"Seattle is one of a handful of places I've written about and referred to as a 'superstar city,' " Mayer said. "It's not quite in the same league as San Francisco and New York, but if you look at census data, house prices in Seattle have grown faster than the national average for 50 years, from 1950 to 2000."

So major home appreciation "is a pattern that's been going on for a long time," Mayer said.

He defines superstar cities as people magnets because of their attractiveness and amenities.

"But being attractive isn't enough," he said. "It's also necessary to limit supply." That's happened here for two reasons.


Limited land supply

Restrictions push housing prices higher.


First: Seattle is essentially out of land on which detached houses can be built.

Second: The state's Growth Management Act effectively limits supply by restricting where homes can be built.

"When you restrict construction you inherently raise the prices of homes," Mayer said. "So it ends up being the case that the only people who can afford to live there are people with higher incomes. I'm not saying this is good or bad or desirable, but it is an outcome of restricting new construction."

Plenty of King County residents can afford houses. The percentage of households earning more than 150 percent of median income — that would be more than $90,000 today — grew faster than any other income category between 1990 and 2004. It now accounts for almost one-third of all households, a county study found. They number almost 250,000.


Newcomers abound

Job market lures out-of-staters, who drive prices up.


But Mayer says having well-off local residents isn't the whole story.

"In superstar markets, including Seattle, you can tie the price of housing to the incomes of the wealthiest Americans — not just the people who live in those cities right now," he said.

"This means house prices can grow faster than the incomes of existing residents if there are new residents from outside the metro area who can afford to move in and buy those houses."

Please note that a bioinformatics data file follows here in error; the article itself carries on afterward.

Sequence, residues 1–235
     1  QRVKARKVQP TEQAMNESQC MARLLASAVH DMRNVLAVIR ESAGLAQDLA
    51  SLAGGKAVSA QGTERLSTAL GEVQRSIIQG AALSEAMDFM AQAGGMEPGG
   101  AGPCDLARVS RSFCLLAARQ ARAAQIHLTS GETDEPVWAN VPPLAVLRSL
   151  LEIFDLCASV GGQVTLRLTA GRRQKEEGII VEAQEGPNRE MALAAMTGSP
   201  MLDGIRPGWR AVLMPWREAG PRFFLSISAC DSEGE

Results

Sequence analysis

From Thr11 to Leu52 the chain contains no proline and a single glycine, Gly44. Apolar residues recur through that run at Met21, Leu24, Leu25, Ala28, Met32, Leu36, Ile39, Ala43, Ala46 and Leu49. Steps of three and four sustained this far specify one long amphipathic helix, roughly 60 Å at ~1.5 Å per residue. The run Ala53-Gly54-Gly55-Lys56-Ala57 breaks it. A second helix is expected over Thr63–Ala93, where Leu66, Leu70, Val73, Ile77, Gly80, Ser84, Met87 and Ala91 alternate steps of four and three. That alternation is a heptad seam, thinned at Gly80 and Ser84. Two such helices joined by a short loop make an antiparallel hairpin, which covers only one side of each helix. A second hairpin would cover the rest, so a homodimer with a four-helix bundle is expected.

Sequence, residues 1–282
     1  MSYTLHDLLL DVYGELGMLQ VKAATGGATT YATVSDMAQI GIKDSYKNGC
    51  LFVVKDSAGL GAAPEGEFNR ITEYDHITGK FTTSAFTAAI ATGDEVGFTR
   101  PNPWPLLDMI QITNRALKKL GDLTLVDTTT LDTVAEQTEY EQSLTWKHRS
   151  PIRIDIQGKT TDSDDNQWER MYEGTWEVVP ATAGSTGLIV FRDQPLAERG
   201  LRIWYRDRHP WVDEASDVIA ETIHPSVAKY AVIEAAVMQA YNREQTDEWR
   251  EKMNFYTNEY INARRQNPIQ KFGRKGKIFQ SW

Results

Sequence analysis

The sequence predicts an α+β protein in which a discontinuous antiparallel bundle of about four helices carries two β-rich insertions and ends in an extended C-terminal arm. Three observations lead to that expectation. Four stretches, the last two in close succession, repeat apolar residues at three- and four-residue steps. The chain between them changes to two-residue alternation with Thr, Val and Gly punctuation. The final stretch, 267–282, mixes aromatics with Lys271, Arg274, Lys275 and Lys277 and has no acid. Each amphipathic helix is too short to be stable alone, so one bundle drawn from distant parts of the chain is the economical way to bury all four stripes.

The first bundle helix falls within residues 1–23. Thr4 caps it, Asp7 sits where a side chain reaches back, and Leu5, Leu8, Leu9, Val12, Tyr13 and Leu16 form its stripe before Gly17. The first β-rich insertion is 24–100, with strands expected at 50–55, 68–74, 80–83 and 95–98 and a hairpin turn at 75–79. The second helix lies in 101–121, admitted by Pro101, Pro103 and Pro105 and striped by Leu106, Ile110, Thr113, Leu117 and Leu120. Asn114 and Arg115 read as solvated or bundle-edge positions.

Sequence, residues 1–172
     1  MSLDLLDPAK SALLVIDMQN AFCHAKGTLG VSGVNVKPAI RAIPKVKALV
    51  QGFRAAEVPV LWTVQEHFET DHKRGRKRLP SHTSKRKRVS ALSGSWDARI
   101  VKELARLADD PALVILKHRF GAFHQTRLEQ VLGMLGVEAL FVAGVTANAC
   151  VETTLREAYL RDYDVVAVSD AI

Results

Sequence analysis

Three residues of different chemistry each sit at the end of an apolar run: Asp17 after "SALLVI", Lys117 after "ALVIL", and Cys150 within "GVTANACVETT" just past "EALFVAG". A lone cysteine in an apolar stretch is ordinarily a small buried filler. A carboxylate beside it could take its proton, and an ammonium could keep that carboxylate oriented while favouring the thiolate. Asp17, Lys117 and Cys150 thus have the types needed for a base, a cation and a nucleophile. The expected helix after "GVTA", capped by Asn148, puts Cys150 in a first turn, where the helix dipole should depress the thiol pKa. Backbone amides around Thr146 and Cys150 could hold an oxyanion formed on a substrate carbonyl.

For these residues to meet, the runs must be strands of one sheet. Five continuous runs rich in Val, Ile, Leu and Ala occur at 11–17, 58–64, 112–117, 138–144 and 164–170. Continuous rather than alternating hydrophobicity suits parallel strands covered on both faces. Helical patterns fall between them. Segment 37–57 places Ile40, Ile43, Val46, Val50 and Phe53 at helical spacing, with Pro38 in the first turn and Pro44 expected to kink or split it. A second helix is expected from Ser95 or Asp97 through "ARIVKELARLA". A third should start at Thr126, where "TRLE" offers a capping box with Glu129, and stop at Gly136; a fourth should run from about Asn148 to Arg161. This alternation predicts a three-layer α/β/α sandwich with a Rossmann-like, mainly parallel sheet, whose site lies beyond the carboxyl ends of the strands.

That's happening here. Puget Sound's already strong economy is growing — a trend expected to continue at least through 2009 with the addition of 140,000 jobs, according to Conway Pedersen Economics.

This growth has made Washington one of the top 10 states attracting more people than they're losing, the state's Economic and Revenue Forecast Council reports.

Californians account for roughly 30 percent of our newcomers. Their state's housing prices make Seattle's look like a fire sale and nearly guarantee that California homeowners arrive here equity-rich. Just one example: Late last year, San Francisco's median home price was $825,000 — more than double Seattle's.

"In a regional sense, it's job growth that's driving housing demand and house-price growth the most," King County demographer Chandler Felt observed. "The demand is there and continues to be there."


Mortgage-rate factor

Higher interest adds yet another jolt to monthly bill.


Rising interest rates are making the situation worse, said Glenn Crellin, director of the Center for Real Estate Research at Washington State University.

Crellin compiles a "housing affordability index," which factors in housing costs, mortgage rates and local annual income.

At the end of 2003, the King County index was 116.9. That meant a median-income family had almost 17 percent more income than the bare minimum required to buy the median-priced house.

By the end of 2005, King County's index had dropped to 80.1. That meant that a family fell almost 20 percent short of the income needed to buy the median-priced house.

In Snohomish County, late last year median-income families made 95 percent of what they needed to buy a median-income house; in Pierce County, they made 104 percent.